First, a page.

Hitchhiking and Other Leaps of Faith in Albania
April 29th, 2017AlbaniaTravel Writing Award
Hitchhiking and Other Leaps of Faith in Albania
I don’t hitchhike, I’m a woman from Seattle. I’m in Albania, and I really want to see “the Blue Eye,” as I’ve been told it can’t be missed. Unlike in Seattle, hitchhiking is a cultural norm due to lack of public transportation, which makes it a much safer practice. “The Blue Eye” is a natural fresh-water spring near the coastal town of Sarande, where I’m staying. The spring is supposed to be gorgeous, and like a giant blue eye opening up to the sky that you can jump straight into. I’ve been told that the bus there runs one way, and the only way to get back is by hitchhiking. While I was uncomfortable with the idea of hitchhiking, I was more uncomfortable with the idea of missing out on a cultural experience because I was travelling solo as a woman.
When I finally reached the Blue Eye, I was met with a beautiful, remote spring shaded by cool canopied trees I climbed up to the small cliff overhang above the spring. While it hadn’t looked very high from the ground, maybe four meters, four meters is a lot when you think about falling. I looked down into the swirling, blue, whirlpool mess of water before me, I took a breath, and I jumped.
The spring immediately plunged me down to a depth that seemed impossible, then, with my ears ready to explode from the pressure, shot me straight back up to the surface. I’m used to swimming in cold water, but there’s cold water, and then there’s the Blue Eye, and the water in the spring was so cold it knocked the air out of me. I broke the surface with my chest heaving, gasping for oxygen, my whole body numb and shaking, but I couldn’t stop laughing with the wild exhilaration.
I walked back to the main road, already sweating with anxiety about hitchhiking. Thumb resolutely in the air, I began to walk. Eventually, a worn down truck pulled up ahead of me. An old man sat in the passenger seat, and a young man leaned through the driver’s window:
“Where are you going?”
He and the old man talked for a moment in Albanian.
“Get in!” And so I did.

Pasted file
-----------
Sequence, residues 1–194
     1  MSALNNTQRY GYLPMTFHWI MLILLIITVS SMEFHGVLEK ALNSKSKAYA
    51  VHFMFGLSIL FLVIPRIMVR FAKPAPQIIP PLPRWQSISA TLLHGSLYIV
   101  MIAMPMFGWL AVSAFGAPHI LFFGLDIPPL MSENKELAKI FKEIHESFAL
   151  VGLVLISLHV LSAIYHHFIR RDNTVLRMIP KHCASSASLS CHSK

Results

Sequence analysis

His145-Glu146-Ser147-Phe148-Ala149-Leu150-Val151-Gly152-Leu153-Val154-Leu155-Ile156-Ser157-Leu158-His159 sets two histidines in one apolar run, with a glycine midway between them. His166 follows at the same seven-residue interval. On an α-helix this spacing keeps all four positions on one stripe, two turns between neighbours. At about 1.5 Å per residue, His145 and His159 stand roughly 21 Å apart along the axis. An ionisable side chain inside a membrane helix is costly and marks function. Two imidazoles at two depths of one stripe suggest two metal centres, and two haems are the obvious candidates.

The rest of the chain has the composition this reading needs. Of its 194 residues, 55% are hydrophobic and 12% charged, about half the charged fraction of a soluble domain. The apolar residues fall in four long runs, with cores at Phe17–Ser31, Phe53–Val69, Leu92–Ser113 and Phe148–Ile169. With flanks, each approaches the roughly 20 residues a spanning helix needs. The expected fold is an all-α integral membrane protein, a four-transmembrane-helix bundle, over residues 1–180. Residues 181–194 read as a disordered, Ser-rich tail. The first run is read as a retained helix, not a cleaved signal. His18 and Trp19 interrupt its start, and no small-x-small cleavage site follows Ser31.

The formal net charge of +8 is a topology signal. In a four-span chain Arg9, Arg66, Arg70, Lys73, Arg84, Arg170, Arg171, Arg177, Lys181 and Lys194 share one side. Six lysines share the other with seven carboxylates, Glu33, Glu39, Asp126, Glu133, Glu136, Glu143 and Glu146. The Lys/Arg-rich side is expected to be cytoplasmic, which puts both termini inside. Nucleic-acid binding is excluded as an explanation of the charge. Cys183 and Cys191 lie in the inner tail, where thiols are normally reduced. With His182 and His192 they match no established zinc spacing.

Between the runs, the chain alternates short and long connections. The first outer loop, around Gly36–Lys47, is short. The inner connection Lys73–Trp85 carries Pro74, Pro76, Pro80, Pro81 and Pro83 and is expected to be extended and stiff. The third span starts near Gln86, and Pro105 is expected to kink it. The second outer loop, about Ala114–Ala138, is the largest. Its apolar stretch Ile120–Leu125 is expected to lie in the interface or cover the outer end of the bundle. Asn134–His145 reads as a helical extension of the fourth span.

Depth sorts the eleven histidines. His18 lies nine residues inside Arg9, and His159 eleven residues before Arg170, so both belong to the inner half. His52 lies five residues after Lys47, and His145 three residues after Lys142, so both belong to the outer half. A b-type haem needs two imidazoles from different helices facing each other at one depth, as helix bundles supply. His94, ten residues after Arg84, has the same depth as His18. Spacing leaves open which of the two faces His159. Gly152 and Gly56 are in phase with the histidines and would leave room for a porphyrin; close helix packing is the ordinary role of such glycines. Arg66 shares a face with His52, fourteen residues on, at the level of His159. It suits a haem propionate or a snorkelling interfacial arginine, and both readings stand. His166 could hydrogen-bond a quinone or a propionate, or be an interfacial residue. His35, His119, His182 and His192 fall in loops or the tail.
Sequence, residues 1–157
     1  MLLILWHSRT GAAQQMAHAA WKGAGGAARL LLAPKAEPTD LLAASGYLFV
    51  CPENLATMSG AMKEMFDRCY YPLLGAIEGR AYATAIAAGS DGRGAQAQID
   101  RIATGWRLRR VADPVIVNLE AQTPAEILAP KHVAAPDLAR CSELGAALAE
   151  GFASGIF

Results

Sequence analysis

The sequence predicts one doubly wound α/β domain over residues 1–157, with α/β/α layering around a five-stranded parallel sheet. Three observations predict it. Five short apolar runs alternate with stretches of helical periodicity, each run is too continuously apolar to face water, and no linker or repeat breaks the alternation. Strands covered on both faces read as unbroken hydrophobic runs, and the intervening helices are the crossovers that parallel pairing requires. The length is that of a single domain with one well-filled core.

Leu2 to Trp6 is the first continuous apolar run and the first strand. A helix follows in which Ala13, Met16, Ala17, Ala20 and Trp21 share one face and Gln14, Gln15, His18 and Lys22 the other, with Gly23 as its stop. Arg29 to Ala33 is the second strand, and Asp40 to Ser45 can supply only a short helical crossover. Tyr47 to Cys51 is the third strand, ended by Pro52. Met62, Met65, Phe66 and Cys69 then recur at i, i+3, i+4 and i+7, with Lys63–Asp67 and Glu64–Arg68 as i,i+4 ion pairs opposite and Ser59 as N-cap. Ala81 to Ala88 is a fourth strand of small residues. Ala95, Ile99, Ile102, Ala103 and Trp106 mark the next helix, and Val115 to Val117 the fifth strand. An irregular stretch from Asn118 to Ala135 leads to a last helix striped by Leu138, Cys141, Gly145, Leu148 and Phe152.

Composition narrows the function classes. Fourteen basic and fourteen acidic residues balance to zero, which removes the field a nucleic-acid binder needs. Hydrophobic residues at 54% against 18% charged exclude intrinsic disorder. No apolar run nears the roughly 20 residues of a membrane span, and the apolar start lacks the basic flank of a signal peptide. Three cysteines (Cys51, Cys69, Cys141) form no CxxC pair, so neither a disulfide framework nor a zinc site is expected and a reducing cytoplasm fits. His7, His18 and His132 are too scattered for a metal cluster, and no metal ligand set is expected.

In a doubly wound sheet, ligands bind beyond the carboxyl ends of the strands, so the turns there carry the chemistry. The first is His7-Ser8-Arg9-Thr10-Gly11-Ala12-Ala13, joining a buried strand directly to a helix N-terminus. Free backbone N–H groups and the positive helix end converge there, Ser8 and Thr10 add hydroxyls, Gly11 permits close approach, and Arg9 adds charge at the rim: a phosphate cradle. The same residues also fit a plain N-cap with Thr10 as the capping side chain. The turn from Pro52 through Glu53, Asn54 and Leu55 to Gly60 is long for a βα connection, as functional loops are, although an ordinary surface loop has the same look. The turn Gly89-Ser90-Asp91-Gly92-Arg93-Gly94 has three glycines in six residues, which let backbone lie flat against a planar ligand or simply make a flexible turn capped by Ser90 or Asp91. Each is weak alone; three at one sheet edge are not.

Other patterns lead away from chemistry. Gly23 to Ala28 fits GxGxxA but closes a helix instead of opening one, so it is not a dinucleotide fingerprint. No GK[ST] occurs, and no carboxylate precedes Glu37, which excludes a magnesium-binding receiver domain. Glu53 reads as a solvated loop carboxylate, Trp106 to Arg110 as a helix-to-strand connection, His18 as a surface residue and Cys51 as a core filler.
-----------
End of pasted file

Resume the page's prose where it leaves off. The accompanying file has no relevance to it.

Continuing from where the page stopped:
Speeding along the road, I chatted with the younger man. His father, the man in the passenger seat, didn’t speak a word of English, but genially smiled at me whenever our eyes made contact in the review mirror.
“Do you mind if we go a few miles out of our way?” asked the younger man. “My father lives close to here, so I’d like to drop him off first.” I nodded my ascent, which I immediately regretted as we swerved off onto a deserted side road with only one or two houses in sight. “This is it.” I thought, “This is how it ends.”
Out jumped his father, and off we flew again, with puffs of dust and afternoon sun glowing behind us. The ride back to Sirande took about thirty minutes. My driver was born and raised in the region, and had never left. He was finishing school, studying business (“everyone wants to be a business man” he said), and he asked me about the United States, and what it was like to live there, confiding in me that his dream was to leave and visit the United States. With a pang, I thought about how incredibly lucky I was to have both the economic, but also geo-political, mobility to be able to travel as I pleased. To be riding in a car with a stranger in Albania. We drove into Sirande as the sun lit the harbor up in gold, like god had spilt honey over the Adriatic coast. He let me out, not letting me pay him even a few lek for gas, and drove off with a friendly smile and wave, leaving my alone beside a beach in country that most Americans can’t point out on a map.
I didn’t just learn how to hitchhike in Albania, and hitchhiking didn’t change my life. Instead, I learned a valuable lesson about trust – both of oneself and others. Sometimes we need to remember that our defense mechanisms, our learned fears necessary for survival, no longer fit either us or our situation. Our old habits no longer meet the needs of the challenges we face. Our safety habits are just that – habits- rather than reactions to real threats. Courage is adaptable through calculated risk. A resilient strength lies in vulnerability and trust, and that strength opens doors we cannot open alone. I’m constantly asked: Aren’t you afraid to travel alone, as a woman? But I’ve learned the better question to ask, is aren’t you afraid not to?
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I am a freelance writer from Seattle, Washington, with a degree in anthropology from the University of Washington. I have an extensive background in health and athletics. I'm a competitive mixed martial arts fighter, a painter, and an avid traveler. I recently completed a solo backpacking trip through the Balkans.